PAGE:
# Building finite shapes in the aTAM

## Contents |

## Building finite shapes

In order to build any given finite shape, it is trivial to define a tile assembly system which will self-assemble it: simply create a unique tile type for every point in the shape so that the glue between each tile and each neighbor is unique to that pair in that location. Obviously, however, this is the worst possible construction in terms of tile type complexity. Soloveichik and Wifree, in ^{[1]}, showed that as long as the shape can be scaled up (meaning that every point in the original shape is replaced by a square block of tiles of some fixed dimension) the tile type complexity for a finite shape is bounded above and below by the Kolmogorov complexity of the shape. The Kolmogorov complexity of , denoted , is the length in bits of the shortest program which, when run by a universal Turing machine, outputs exactly the points of and then halts. They showed that the tile complexity of is by showing that the lower bound holds because otherwise it would contradict the Kolmogorov complexity of the shape, and for the upper bound they provided a construction in which a Turing machine is simulated inside of each scaled up block to read a compressed definition of and determine which neighboring locations should have blocks filled in and then passing the program into those blocks and simulating the Turing machine within them, etc. Therefore, the scaling factor is proportional to the running time of the Turing machine (and thus can be very large), and the tile complexity arises from the compressed definition of .

Another interesting aspect to the tile complexity of finite shapes was demonstrated by Bryans, Chiniforooshan, Doty, Kari, and Seki in ^{[2]} where they showed that there exist finite shapes which can self-assemble more tile type efficiently by nondeterministic systems than by deterministic, or directed, systems. Both types of systems always create the exact same shape, but where a directed system does so by ensuring that no matter which assembly sequence is followed, a given location always receives a tile of the same type, a nondeterministic system may allow tiles of differing types to occupy a particular position based on the assembly sequence followed. They also showed that the problem of determining the minimum number of tile types which are required to uniquely assemble a given finite shape, if the system isn't constrained to being directed, is complete for the complexity class , while it was shown by Adleman, Cheng, Goel, Huang, Kempe, Moisset de Espanés, and Rothemund in ^{[3]} to be NP-complete for directed systems. These results suggest that such nondeterminism adds power and complexity to the aTAM.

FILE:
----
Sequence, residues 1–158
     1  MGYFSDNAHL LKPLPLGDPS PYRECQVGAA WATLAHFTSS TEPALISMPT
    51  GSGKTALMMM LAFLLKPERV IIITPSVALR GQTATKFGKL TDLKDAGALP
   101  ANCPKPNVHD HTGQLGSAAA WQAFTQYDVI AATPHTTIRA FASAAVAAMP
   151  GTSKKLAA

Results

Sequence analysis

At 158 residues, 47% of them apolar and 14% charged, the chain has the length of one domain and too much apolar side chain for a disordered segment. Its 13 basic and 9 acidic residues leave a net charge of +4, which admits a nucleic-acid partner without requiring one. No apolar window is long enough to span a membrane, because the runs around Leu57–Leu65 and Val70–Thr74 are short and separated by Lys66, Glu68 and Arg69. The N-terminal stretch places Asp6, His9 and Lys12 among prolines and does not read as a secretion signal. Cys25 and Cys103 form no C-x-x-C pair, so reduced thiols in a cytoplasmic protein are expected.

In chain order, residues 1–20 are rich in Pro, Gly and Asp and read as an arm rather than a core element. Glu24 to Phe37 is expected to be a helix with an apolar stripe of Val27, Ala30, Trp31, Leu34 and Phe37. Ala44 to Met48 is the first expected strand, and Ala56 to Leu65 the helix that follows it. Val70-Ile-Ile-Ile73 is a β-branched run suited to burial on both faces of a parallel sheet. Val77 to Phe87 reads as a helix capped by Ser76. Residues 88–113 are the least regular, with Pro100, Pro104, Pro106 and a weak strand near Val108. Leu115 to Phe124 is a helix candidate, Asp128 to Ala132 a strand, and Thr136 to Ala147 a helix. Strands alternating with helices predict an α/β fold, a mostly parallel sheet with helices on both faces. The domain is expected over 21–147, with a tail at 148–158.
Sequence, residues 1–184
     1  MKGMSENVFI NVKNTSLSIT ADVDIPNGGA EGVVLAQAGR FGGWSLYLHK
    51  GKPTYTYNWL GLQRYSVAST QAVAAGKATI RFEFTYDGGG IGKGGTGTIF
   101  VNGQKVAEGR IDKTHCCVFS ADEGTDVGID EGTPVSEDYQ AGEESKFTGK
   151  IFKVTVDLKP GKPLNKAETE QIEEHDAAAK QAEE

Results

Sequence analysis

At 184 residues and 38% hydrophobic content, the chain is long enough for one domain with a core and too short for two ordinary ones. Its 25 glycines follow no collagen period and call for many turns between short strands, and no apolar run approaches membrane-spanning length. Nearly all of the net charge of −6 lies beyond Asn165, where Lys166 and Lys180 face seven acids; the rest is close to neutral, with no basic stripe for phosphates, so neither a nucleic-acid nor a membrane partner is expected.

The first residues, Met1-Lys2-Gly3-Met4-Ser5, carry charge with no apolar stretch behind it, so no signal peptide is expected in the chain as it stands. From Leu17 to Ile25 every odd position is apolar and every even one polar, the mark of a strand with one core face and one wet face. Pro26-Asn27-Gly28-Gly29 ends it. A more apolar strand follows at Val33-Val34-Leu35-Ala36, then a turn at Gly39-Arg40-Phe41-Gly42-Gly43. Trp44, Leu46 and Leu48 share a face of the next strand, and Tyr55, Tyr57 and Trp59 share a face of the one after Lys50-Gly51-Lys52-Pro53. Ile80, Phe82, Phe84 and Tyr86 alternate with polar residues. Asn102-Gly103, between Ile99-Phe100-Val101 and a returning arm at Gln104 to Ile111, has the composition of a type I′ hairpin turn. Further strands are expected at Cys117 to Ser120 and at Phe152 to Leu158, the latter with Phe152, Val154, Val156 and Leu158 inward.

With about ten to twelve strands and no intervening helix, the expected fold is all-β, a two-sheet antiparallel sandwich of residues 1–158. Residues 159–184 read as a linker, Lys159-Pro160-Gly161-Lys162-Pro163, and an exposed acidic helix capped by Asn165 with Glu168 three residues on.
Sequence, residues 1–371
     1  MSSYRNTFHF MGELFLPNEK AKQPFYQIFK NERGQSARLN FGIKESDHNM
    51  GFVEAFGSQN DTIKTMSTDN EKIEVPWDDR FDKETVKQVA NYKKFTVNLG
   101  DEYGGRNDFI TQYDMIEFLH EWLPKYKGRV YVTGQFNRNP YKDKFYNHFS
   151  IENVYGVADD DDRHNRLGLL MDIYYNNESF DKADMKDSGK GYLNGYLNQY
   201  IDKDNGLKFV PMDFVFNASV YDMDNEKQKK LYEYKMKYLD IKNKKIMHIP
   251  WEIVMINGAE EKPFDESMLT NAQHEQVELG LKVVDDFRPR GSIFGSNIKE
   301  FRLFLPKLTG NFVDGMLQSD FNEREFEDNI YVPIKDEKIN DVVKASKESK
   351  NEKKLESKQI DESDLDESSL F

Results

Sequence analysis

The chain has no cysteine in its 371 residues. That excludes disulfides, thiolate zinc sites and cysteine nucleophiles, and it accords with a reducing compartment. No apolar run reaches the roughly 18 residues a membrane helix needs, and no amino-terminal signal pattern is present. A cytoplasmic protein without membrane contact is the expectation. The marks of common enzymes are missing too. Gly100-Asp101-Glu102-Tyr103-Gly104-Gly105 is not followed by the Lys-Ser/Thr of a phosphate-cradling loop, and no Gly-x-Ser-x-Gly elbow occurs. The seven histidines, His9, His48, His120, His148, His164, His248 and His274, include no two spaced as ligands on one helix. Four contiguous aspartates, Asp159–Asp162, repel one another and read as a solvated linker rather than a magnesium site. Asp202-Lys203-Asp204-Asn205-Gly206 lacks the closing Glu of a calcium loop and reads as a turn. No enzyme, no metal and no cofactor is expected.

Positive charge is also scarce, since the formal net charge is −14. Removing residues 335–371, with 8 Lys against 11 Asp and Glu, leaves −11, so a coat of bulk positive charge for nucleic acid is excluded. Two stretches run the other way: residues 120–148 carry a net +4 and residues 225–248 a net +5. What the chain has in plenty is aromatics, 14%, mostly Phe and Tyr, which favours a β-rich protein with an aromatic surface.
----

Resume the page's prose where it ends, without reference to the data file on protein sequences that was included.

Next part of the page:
## References

- ↑
*David Soloveichik, Erik Winfree*-**Complexity of Self-Assembled Shapes**- SIAM Journal on Computing 36(6):1544-1569,2007
- Bibtex
**Author :**David Soloveichik, Erik Winfree**Title :**Complexity of Self-Assembled Shapes**In :**SIAM Journal on Computing -**Address :****Date :**2007

- ↑
*Nathaniel Bryans, Ehsan Chiniforooshan, David Doty, Lila Kari,, Shinnosuke Seki*-**The power of nondeterminism in self-assembly**- SODA '11: Proceedings of the 22nd Annual ACM-SIAM Symposium on Discrete Algorithms pp. 590--602,2011
- Bibtex
**Author :**Nathaniel Bryans, Ehsan Chiniforooshan, David Doty, Lila Kari,, Shinnosuke Seki**Title :**The power of nondeterminism in self-assembly**In :**SODA '11: Proceedings of the 22nd Annual ACM-SIAM Symposium on Discrete Algorithms -**Address :****Date :**2011

- ↑
*eonard M. Adleman, Qi~Cheng, Ashish Goel, Ming-Deh A. Huang, David Kempe, Pablo~Moisset de Espanés,, Paul W. K. Rothemund, title = {Combinatorial optimization problems in self-assembly}, booktitle = {Proceedings of the Thirty-Fourth Annual ACM Symposium on Theory of Computing}, year = {2002}, pages = {23--32},*-